As a teenaged girl, my pediatrician also recommended an 800 calorie diet for me, so this seemed pretty standard. My sister had to count calories and keep it right around 1000 after her Roux-en-Y surgery, or else she didn't lose weight. 1600 calories is what a number of people on the CRON diet seem to eat. Some only eat 1300 a day, at least from what I read when I was on the CRON listserv list, trying to decide if calorie restriction as a lifestyle choice was really something I could embrace (and I think this was after I read the Gaesser book, go figure). I think it depends on how active you are, but what I took away from the CR stuff is that you're supposed to suppress some of the bodily functions that would increase metabolism and your need for calories. I wasn't sure if greater longevity was really worth all of that.

So the men in the Ancel Keys study were "normal" weight and were required to lose weight , and to exercise by walking over 3 miles a day. And as their calories decreased, they developed disordered thinking about food, among other issues. I had no idea that one guy wanted to kill himself, or another guy cut off some fingers. Gina Kolata talks about some of the mental issues involved with starvation, and how some people hit that level at a different weight than others. But I feel like if you even try and bring this up to people as evidence of the issues involved with weight loss, it has no meaning. They would just argue that if you aren't overweight, of course losing weight and starving is painful. If you are overweight, there is no starvation, you're just eating food you don't need, you have all the nourishment you need in your fat cells, have at it.

I think it's interesting, though, that many fat people don't lose weight until they get below a certain threshold of calories, that seems like it is lower than what is required for thin people to lose weight--of course everyone in this study was a man, and men typically are told to eat more for the same amount of weight loss, so that might be part of it.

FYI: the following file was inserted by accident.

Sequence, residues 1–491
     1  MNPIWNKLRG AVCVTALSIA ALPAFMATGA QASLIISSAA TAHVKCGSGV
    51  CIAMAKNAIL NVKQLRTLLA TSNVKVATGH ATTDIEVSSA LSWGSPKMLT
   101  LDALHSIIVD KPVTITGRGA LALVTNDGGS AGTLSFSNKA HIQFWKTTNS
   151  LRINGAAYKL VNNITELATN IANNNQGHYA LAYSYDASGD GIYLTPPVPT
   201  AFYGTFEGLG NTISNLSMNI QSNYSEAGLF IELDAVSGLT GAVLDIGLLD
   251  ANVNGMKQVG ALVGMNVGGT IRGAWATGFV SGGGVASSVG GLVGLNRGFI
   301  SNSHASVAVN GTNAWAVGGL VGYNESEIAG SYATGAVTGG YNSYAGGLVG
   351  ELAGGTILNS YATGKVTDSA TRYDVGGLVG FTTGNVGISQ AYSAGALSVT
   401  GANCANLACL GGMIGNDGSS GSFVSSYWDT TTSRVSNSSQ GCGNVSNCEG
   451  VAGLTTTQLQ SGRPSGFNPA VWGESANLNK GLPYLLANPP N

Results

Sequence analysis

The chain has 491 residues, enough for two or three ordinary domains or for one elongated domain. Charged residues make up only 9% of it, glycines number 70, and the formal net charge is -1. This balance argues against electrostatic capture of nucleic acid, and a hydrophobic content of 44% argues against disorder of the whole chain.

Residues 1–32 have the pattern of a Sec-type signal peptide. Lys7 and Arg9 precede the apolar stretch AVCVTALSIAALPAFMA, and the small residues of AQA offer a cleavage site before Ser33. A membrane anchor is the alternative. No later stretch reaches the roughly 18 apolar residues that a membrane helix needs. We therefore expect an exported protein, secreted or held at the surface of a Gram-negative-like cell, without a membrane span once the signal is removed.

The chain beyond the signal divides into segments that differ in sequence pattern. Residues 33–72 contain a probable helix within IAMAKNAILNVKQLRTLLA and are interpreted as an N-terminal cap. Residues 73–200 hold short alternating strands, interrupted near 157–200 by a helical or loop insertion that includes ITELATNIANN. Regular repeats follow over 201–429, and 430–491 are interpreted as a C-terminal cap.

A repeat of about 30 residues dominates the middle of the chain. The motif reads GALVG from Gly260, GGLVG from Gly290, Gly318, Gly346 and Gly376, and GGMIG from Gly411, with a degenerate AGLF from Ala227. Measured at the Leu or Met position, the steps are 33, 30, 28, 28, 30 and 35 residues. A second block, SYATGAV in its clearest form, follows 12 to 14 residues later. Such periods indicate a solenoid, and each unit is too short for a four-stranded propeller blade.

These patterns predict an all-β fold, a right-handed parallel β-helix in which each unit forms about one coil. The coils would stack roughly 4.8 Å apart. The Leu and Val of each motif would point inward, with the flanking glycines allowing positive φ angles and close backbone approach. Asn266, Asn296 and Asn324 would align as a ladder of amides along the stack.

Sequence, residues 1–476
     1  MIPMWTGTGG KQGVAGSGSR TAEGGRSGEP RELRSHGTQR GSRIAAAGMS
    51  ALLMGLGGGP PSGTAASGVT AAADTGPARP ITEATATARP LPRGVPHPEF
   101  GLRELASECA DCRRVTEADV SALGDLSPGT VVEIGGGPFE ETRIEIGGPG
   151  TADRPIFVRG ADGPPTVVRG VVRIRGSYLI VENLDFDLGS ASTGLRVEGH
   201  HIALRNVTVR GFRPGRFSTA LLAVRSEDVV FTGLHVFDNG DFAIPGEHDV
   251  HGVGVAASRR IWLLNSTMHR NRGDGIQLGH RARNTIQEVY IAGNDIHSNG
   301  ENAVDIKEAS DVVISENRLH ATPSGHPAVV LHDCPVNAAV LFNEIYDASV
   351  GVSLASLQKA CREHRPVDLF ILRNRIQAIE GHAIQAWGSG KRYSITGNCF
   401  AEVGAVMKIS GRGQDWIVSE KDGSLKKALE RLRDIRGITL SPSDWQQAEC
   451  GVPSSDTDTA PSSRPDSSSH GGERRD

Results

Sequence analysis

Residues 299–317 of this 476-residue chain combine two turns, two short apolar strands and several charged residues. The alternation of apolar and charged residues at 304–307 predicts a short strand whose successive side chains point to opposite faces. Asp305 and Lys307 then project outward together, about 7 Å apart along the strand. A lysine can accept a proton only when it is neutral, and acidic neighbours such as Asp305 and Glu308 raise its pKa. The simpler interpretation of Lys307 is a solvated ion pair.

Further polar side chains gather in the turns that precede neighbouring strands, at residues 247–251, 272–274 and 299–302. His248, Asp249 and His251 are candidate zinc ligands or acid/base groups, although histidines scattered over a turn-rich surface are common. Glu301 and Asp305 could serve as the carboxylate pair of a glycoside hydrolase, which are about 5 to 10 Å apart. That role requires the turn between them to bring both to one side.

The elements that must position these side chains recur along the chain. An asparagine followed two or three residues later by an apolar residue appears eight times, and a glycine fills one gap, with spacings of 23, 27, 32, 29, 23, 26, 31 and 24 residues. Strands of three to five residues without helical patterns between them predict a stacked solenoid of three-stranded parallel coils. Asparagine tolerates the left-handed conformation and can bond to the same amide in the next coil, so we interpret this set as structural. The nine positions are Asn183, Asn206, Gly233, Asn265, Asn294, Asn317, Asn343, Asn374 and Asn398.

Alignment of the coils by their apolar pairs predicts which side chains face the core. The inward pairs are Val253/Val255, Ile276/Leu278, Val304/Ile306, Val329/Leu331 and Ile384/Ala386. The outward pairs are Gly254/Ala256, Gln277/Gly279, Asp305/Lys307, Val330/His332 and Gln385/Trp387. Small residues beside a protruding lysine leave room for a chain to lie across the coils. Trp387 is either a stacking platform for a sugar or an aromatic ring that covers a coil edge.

vesta44's picture
vesta44
April 14th, 2011 | Link | Erin S - When my husband was

Erin S - When my husband was in the hospital having his knee replaced, they couldn't understand why his blood sugar was high all the time (he has type 2 diabetes). They had him on their typical "diabetic" diet and when I saw what they were feeding him, and the amount of insulin they were giving him, I told the nurses "WTF do you expect? You're giving him high carb meals and low amounts of insulin, of course his blood glucose is going to be high, especially since he's recovering from major surgery!" I told them "At home, we count carbs, and limit them to 30 grams or less per meal, and his short-acting insulin is dosed according to what his blood sugar is before the meal plus whatever carbs he's getting at the meal. That covers how the meal will raise his blood sugar based on how high/low his blood sugar was before the meal." And they didn't test his blood as often as we tested it at home either, they tested once a day, we tested at least 3 times, sometimes more often. You would think that medical personnel would know how to treat type 2 diabetes effectively, but they don't, not really, not in hospitals.

WLS - Sorry, not my preferred way of dying. *glares at doctor recommending it*

worrier April 14th, 2011 | Link | "I guess they don't have

"I guess they don't have tastebuds or something."

A lot of people don't get that different things taste different for different people. They expect everyone to experience taste the same way. I said to someone once that I don't drink artificially sweetened drinks because I hate the chemical aftertaste, and she said "what chemical aftertaste?". That was an eye opener for me that we all taste things differently. I also have a little theory. I think years of yo-yo dieting makes people more sensitive to taste. I think going back and forward from dieting type food which is often less appetising to eating the food people have been denying themselves which is highly appetising gives people a high sensitivity to taste.

pocomommy April 14th, 2011 | Link | Hey, Erin, artificial

Hey, Erin, artificial sweetners like Splenda, Equal, etc., make me sick as a dog too. Gut aches like you would not believe. I have diabetes, so I try to limit sugars, and when I realized that I could not tolerate artificial sweetners, I was really bummed out. I must say, stevia has been a real savior for me, it does not cause the slightest prob. Of course, YMMV, but in my case, it's been a fabulous substitute for Splenda, etc.